5. Small fibrations and internal categories [000N]

The purpose of this section is to develop the relationship between internal categories (categories defined in the internal language of a category $B$) and cartesian fibrations over $B$, generalizing the relationship between categories internal to $\SET$ (i.e. small categories) and their family fibrations over $\SET$.

[001Q] Definition 5·a (Small fibration).

A cartesian fibration is called small when it is both locally small [000I] and globally small [000J].

We have already seen in Section 4.1.1 [000G] and Theorem 4.2.1·b [000L] that smallness in the sense of the definition above appropriately generalizes the ordinary notion of smallness for categories over $\SET$. Another perspective on smallness is given by the internal language, in which a category is viewed as an algebra for the “theory of categories” computed in another category with enough structure. The notion of internal categories is credited (independently) to Alexander Grothendieck and Charles Ehresmann.

5.1. Internal categories [000O]

The notion of a (meta-)category is an essentially algebraic theory. As such it is possible to compute models of this theory in any category that has finite limits.

[001A] Definition 5.1·a (Internal category).

Let $E$ be a category with finite limits; then an internal category in $E$ is defined by the following data:

  1. an object of objects $C\Sub{0}\in E$,
  2. an object of morphisms $C\Sub{1}\in E$,
  3. source and target morphisms $s,t:C\Sub{1}\to C\Sub{0}$,
  4. a generic identity morphism $C\Sub{0}\to C\Sub{1}$,
  5. a generic composition morphism $C\Sub{1}\times\Sub{C\Sub{0}}C\Sub{1}\to C\Sub{1}$,
  6. satisfying a number of laws corresponding to those of a category.

For the details of these laws, we refer to the nLab (internal category).

5.2. The externalization of an internal category [000V]

[001R] Construction 5.2·a.

Let $C$ be an internal category in $E$. We may define a fibered category $\brk{C}$ over $E$ called the externalization of $C$.

  1. Given $x\in E$, an object of $\brk{C}\Sub{x}$ is defined to be a morphism $x\to C\Sub{0}$ in $E$.

  2. Given $x,y\in E$ and $f:x\to y$ and $u \in \brk{C}\Sub{x}$ and $v\in \brk{C}\Sub{y}$, a morphism $u\to\Sub{f} v$ is defined to be a morphism $h : x\to C\Sub{1}$ in $E$ such that the following diagram commutes:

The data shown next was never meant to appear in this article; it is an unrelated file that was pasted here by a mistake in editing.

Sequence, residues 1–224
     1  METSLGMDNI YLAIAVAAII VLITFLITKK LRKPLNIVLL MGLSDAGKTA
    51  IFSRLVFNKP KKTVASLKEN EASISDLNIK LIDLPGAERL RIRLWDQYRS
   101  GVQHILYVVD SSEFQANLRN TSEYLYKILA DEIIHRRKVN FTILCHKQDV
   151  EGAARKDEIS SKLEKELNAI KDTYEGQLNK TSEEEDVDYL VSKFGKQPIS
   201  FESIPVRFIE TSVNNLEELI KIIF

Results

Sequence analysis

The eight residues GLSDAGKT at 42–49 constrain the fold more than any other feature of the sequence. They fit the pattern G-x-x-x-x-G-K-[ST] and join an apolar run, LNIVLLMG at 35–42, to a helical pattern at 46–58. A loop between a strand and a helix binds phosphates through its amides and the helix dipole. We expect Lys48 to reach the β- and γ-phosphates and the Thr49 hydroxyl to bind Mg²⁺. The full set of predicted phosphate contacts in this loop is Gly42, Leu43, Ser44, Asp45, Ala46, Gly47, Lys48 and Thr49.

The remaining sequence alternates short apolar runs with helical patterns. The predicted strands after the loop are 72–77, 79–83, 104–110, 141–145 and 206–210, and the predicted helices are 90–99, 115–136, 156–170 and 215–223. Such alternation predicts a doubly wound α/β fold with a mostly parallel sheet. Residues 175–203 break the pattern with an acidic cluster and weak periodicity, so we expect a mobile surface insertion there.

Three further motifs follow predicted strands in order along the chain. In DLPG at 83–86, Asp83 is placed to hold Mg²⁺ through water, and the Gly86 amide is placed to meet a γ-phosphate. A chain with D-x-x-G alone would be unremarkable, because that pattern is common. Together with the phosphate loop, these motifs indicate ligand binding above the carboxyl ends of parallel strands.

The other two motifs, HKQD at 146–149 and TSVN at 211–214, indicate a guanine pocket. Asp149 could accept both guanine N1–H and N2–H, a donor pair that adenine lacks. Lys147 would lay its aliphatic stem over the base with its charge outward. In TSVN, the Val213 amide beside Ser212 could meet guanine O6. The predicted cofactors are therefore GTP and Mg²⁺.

[000W] Lemma 5.2·b.

The externalization [000V] is a cartesian fibration.

Proof. Given an object $v\in \brk{C}\Sub{y}$ and a morphism $f:x\to y$ in $E$, we may define a cartesian lift $\InvImg{f}v\to\Sub{f} v$ by setting $\InvImg{f}v = v\circ f : x \to C\Sub{0}$.

[000X] Lemma 5.2·c.

The externalization [000V] is globally small

Proof. We may choose a generic object [000K] for $\brk{C}$, namely the identity element $(C\Sub{0},\Idn{C\Sub{0}})\in \TotCat{\brk{C}}$. Given any object $(x,u)\in \TotCat{\brk{C}}$ the cartesian map $(x,u)\to (C\Sub{0},\Idn{C\Sub{0}})$ is given as follows:

[000Y] Lemma 5.2·d.

The externalization [000V] is locally small

Proof. Fix $x\in E$ and $u,v\in \brk{C}\Sub{x}$, we must exhibit a terminal object to the (total) category $\TotCat{\CandHom{x}{u}{v}}$ of “hom candidates” defined in [000I]. First we define $\brk{u,v}$ to be the following pullback in $E$:

We define $\overline{p}:\InvImg{\brk{u,v}}{u}\to\Sub{p} u\in \brk{C}\Sub{\brk{u,v}}$ to be the cartesian lift of $u\in \brk{C}\Sub{x}$ along $p:\brk{u,v}\to x$:

We need to define a displayed evaluation map $\epsilon : \InvImg{\brk{u,v}}u\to\Sub{p} v$; unraveling the definition of a displayed morphism in the externalization of $C$, we choose the following diagram:

Putting all this together, we assert that the terminal object of $\TotCat{\CandHom{x}{u}{v}}$ is the following span in $\brk{C}$:

Fixing another such candidate hom span $\brc{u \leftarrow \bar{h}\rightarrow v}\in\TotCat{\CandHom{x}{u}{v}}$, according to [000I] we must exhibit a unique cartesian morphism $\bar\alpha : \bar{h}\to \InvImg{\brk{u,v}}{u}$ making the following diagram commute: